"Paul Simon was playing his second gig at Grimsby Folk Club in the winter of 1965/66. I was 18 at the time and Paul would have been 23. I was sharing a flat in the town with work colleague and friend, Bill Johnston, and we had been regulars at the club for about a year at that time. During the break we got chatting with Paul and asked him where he was staying that night - he said that he didn't know (although it was the custom at the time for the club organisers to arrange a bed at someone's house) so we said why not stay with us? Bill had a VW Beetle at the time so imagine four of us plus Paul and his guitar crammed into that!
 Signin' Simon
We had an hour or so chatting and listening to music and he was telling us about how his US record company had dubbed electric guitar, bass and drums onto an acoustic track of The Sound of Silence that he'd recorded with Art Garfunkel and had released it as a single. 'It looks like it's starting to sell' he said, 'so I may have to go back.' Of course it went to # 1 in America and started the whole Simon & Garfunkel phenomenon. We had to get him up very early next morning to catch the milk train back to London and he wasn't the best of early risers. However, I did ask him to sign my copy of the Paul Simon Songbook which was, together with an acoustic EP with Garfunkel, the only recording available at that time. He signed it 'To Bill and Rog, thank you for the bed, the meal and the conversation.' I still have it to this day."

Saturday 14 December 2013

The Man in Black

Between 1988 and 1992 on Radio 4 Edward de Souza resurrected his persona, The Man in Black, to present Fear on Four: thirty minutes in length these beautifully crafted contemporary horror/thriller dramas played host to some brilliant writers and a supporting cast to match. Spine tingling stories by, among others, Roald Dahl, John Wyndham, Stanley Ellin and Ray Bradbury were played out by a veritable who's who of British acting talent including Timothy West, Thora Hird, Anna Massey, Bernard Cribbins and Imelda Staunton.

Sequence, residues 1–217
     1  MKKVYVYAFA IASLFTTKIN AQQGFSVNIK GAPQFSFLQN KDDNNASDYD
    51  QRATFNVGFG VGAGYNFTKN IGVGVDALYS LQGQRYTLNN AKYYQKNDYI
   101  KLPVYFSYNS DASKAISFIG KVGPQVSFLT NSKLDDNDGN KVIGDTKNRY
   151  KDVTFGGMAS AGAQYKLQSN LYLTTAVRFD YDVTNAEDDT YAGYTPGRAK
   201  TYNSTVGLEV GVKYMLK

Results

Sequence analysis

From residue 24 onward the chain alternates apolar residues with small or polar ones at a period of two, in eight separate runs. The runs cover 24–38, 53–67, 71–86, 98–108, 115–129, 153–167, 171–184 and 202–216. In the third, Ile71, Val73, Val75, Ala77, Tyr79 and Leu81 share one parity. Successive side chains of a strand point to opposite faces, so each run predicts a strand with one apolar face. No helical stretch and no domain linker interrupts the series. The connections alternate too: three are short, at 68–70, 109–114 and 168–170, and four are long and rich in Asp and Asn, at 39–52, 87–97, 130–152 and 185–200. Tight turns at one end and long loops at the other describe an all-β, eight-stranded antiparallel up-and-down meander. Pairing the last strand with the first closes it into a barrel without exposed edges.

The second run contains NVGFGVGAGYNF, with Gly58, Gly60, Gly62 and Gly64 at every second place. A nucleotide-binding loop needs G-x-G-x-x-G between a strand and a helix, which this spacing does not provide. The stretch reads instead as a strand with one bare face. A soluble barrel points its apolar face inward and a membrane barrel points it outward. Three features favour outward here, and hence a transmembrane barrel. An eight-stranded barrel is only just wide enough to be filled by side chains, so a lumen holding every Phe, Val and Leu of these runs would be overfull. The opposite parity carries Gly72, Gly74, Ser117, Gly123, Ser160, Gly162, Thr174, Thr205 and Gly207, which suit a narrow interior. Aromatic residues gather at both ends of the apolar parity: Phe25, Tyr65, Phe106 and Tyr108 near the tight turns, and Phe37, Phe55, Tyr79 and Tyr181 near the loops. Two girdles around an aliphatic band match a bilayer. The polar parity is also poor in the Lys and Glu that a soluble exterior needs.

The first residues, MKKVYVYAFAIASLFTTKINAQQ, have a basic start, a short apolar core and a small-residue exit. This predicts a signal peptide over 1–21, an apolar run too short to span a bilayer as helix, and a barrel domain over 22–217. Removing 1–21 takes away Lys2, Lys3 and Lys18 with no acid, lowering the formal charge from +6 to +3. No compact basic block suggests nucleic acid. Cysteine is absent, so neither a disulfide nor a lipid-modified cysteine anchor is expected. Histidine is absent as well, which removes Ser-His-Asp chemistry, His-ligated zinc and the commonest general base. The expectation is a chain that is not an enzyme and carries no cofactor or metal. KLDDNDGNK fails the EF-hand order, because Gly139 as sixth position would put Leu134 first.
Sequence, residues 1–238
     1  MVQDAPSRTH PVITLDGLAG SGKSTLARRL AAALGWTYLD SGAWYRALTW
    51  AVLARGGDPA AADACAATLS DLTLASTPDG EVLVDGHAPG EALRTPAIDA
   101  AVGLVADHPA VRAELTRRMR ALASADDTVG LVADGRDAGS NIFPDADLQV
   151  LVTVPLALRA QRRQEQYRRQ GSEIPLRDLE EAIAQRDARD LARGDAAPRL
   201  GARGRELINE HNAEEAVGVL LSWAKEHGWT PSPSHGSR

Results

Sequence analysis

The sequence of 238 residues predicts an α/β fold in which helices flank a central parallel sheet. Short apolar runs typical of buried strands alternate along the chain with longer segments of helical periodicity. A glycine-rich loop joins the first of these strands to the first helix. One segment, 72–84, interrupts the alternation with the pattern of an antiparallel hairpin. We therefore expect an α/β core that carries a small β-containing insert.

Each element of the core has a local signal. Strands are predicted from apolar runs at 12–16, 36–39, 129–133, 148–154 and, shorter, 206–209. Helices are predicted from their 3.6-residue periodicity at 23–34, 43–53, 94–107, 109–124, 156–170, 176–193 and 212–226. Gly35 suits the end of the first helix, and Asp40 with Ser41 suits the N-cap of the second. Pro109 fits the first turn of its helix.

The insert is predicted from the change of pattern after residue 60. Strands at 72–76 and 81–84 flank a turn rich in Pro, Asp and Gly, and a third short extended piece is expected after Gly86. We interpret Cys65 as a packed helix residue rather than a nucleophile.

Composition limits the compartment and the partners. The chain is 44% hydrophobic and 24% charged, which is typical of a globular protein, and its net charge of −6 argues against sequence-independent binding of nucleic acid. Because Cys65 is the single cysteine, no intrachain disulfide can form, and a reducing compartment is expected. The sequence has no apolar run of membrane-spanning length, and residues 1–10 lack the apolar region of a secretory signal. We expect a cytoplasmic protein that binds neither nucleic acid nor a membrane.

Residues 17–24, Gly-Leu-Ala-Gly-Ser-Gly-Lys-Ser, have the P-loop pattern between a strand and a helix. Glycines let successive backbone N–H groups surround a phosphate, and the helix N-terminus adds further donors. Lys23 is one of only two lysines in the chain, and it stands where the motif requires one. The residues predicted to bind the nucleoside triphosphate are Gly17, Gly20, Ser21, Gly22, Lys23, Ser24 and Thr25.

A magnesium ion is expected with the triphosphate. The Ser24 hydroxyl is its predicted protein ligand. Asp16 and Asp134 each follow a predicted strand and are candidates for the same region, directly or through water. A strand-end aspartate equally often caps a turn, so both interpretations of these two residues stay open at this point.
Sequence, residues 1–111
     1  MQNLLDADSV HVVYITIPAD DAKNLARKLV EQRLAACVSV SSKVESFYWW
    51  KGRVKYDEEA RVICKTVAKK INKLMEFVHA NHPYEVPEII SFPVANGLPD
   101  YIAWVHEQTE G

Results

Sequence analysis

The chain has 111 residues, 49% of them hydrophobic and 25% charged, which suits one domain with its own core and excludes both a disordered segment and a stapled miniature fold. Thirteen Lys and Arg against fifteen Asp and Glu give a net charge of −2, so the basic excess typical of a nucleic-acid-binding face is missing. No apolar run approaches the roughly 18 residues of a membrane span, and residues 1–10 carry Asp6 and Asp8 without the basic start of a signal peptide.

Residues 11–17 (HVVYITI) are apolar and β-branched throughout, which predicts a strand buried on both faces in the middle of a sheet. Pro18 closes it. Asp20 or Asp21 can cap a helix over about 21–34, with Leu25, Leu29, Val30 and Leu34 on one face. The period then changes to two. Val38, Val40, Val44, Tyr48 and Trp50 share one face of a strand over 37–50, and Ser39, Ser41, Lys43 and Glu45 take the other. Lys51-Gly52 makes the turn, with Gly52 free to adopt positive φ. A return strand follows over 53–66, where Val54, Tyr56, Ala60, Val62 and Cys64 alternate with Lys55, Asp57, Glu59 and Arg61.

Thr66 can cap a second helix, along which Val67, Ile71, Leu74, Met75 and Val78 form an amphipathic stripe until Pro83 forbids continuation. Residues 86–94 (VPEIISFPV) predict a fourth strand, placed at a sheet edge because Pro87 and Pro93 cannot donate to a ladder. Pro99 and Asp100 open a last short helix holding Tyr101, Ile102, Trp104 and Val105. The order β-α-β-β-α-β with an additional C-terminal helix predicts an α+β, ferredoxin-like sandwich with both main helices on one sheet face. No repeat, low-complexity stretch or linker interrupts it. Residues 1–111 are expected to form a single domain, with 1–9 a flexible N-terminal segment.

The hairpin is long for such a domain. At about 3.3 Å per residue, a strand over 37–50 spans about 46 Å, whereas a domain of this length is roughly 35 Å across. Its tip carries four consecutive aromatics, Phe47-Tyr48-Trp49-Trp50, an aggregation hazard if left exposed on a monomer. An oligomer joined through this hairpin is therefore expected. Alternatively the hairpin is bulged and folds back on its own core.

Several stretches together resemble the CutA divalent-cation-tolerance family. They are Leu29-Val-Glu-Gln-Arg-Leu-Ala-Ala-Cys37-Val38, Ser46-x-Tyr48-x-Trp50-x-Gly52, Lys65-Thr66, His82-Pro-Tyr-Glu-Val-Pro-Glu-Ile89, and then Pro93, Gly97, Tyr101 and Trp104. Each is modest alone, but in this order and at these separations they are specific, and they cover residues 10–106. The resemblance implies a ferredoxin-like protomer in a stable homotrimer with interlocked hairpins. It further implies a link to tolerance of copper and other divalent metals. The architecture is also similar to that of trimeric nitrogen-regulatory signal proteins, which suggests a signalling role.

I used to make an appointment with fear every Sunday evening for half an hour of aural suspense. Here's one I still find genuinely unnerving; it was Number 12 in the series, as The Man in Black will explain...

If your heart can stand it, set aside half an hour, dim the lights and hit the Play button:

Friday 13 December 2013

Clichés & toupées & threepées

10cc may or may not have derived their name from the average amount of semen in a male ejaculation, but what is not in dispute is that between 1972 and 1978 they clocked up over a hundred weeks on the singles charts.

Well they would, wouldn't they? They had two pairs of songwriters in the band - busy at their respective typewriters: Graham Gouldman and Eric Stewart with their classic pop sensibilities had already put their songs into the Hit Parade with The Hollies, Herman's Hermits and The Mindbenders. Then you had the art school agitants - Lol Creme and Kevin Godley. Their slightly more cynical style and edgy lyrics were the perfect counterpoint to the luxurious sounds coming from across the corridor. Put the two together, throw in a little rudimentary studio trickery and, voilà, the unmistakable 10cc sound.

Silly Love was one of their few flops - if only getting to # 22 can be considered a flop - and shows that when push came to shove they could roll up their sleeves and get stuck in; or indeed any other cliché you may want to insert into that last sentence. I wasn't aware of this until I found the clip below, but in true 70s style they deployed two drummers when in a live situation.

Thursday 12 December 2013